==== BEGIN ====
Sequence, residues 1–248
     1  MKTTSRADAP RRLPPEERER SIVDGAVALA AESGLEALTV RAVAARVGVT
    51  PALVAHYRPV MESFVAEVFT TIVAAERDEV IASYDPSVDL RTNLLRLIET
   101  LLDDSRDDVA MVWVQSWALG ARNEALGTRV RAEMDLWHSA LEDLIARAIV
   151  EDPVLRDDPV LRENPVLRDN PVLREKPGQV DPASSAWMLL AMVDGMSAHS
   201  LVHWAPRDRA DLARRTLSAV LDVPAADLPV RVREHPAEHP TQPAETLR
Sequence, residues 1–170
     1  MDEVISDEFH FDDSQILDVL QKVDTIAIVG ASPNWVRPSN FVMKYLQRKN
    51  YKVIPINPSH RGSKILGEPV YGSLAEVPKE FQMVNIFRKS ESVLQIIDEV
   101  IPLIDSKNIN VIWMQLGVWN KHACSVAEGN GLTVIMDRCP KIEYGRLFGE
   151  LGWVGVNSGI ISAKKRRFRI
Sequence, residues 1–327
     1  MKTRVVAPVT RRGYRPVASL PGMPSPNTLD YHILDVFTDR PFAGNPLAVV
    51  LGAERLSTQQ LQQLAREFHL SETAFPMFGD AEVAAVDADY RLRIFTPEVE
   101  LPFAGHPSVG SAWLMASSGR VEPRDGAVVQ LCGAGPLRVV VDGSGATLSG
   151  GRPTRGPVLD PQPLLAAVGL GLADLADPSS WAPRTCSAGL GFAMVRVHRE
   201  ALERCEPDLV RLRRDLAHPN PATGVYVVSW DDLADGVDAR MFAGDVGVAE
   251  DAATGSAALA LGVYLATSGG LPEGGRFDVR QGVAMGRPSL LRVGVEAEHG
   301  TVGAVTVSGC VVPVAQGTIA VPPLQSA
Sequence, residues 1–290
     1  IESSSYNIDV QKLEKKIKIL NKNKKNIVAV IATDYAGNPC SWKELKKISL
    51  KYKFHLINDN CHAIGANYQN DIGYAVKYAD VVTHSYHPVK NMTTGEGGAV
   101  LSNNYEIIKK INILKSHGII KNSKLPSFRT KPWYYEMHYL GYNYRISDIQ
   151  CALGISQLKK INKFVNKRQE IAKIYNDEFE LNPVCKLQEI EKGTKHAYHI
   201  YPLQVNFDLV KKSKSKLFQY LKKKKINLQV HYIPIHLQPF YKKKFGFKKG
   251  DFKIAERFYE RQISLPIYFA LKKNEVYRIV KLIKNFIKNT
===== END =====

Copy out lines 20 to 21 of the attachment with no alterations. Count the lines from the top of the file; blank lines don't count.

Sequence, residues 1–290
     1  IESSSYNIDV QKLEKKIKIL NKNKKNIVAV IATDYAGNPC SWKELKKISL